Author(s): Lucjan T. Orlowski, Sacred Heart University
This study draws attention to the proliferation of tail risks in financial markets prior to and during the course of the recent global financial crisis. It examines the level of tail risks in selected equity, interbank lending and foreign exchange markets in selected EU Member States in relation to the United States. The extent of tail risks is assessed by applying general error distribution (GED) parameterization in GARCH volatility tests of the examined variables. The empirical tests prove that tail risks were pronounced across all of the examined European financial markets throughout the crisis. They were also significant prior to the crisis outbreak. The analyzed interbank lending markets exhibited more extreme volatility outbursts than the equity and foreign exchange markets. Several countercyclical monetary and macroprudential policies aimed at abating tail risks are identified and discussed. Flexible capital adequacy and contingent capital requirements for financial institutions are advocated.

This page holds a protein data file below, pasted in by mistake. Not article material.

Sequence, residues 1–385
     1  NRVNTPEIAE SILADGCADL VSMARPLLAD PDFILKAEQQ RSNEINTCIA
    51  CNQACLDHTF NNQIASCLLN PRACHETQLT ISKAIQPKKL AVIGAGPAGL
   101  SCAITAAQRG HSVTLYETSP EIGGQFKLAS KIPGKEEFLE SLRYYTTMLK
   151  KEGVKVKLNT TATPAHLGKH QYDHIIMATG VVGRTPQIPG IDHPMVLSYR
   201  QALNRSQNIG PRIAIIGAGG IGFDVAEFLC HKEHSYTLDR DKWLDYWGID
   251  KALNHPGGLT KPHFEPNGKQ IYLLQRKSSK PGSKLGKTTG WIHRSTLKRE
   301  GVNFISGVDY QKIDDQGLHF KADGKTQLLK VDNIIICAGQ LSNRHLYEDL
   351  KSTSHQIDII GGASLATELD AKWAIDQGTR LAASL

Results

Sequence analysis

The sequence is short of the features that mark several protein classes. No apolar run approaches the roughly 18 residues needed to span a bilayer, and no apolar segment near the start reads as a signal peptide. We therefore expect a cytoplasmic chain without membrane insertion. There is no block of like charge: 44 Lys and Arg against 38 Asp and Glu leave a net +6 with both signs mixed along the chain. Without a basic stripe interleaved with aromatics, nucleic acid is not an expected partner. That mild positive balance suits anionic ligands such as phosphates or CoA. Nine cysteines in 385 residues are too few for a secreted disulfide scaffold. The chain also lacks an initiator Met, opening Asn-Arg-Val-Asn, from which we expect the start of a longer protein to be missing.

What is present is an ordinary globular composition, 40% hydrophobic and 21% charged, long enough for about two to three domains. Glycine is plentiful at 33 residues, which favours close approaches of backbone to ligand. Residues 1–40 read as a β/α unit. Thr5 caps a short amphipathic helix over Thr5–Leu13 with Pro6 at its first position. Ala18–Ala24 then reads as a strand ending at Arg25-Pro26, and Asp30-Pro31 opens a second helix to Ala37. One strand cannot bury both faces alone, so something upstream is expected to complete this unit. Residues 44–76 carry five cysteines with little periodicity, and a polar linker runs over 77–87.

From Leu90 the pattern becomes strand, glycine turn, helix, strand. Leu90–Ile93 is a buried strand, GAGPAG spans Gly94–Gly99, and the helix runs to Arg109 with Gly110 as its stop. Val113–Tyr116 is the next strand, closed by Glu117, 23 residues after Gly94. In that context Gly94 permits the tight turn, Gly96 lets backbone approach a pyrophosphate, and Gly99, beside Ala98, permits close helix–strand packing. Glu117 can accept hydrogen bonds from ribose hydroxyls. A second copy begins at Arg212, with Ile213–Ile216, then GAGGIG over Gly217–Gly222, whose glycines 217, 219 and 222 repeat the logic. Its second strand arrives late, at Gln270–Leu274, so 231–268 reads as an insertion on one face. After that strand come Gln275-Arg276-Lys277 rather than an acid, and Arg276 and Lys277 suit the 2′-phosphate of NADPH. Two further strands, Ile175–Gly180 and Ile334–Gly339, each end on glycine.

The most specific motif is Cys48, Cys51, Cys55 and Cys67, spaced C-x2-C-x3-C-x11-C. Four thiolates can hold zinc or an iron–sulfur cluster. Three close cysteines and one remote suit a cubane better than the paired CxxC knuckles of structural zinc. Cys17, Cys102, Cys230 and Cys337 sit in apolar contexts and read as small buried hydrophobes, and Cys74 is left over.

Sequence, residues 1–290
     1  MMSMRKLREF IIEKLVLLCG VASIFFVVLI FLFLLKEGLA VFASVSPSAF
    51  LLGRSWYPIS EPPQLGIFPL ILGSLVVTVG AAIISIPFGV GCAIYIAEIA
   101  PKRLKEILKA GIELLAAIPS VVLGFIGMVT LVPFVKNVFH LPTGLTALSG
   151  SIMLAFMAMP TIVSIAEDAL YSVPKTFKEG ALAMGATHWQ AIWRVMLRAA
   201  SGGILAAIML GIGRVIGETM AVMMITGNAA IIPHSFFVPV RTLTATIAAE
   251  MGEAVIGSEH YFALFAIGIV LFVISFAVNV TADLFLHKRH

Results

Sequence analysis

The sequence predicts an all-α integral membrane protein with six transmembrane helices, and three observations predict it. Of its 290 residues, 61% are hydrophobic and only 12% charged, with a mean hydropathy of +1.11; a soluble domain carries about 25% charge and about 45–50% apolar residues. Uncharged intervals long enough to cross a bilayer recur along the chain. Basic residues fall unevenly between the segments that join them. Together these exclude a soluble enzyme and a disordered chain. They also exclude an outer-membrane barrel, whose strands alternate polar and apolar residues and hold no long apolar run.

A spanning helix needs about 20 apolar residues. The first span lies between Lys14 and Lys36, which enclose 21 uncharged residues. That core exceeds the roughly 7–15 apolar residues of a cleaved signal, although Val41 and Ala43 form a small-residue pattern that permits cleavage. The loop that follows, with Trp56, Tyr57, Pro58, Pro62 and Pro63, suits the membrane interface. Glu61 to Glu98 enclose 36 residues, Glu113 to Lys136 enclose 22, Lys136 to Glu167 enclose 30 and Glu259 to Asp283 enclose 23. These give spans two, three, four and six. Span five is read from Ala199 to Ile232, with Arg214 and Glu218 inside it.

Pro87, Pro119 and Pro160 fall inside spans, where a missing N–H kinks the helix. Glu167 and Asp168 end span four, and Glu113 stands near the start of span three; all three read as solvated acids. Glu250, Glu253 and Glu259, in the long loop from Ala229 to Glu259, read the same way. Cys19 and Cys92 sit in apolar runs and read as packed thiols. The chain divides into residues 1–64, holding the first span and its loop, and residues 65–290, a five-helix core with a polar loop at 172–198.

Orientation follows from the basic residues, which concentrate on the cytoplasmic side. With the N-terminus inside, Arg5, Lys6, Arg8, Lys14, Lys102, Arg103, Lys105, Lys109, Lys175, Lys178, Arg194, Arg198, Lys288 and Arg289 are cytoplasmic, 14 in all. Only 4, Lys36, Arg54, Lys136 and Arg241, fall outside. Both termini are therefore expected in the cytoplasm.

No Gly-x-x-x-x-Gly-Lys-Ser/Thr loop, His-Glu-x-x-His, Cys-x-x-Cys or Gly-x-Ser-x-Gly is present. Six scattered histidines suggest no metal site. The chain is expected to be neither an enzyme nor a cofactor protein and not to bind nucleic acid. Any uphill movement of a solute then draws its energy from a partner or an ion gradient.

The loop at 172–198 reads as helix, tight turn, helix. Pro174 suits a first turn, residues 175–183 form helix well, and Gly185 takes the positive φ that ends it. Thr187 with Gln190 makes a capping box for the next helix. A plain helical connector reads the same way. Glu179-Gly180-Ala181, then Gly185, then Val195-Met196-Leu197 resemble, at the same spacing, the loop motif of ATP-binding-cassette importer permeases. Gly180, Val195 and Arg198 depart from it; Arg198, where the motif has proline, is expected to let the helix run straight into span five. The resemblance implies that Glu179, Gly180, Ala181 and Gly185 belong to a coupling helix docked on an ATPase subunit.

|ISBN 978-92-79-14902-3 (online)|
|ISSN 1725-3187 (online)|
|doi: 10.2765/42600 (online)|
Economic Papers are written by the staff of the Directorate-General for Economic and Financial Affairs, or by experts working in association with them. The Papers are intended to increase awareness of the technical work being done by staff and to seek comments and suggestions for further analysis. The views expressed are the author’s alone and do not necessarily correspond to those of the European Commission.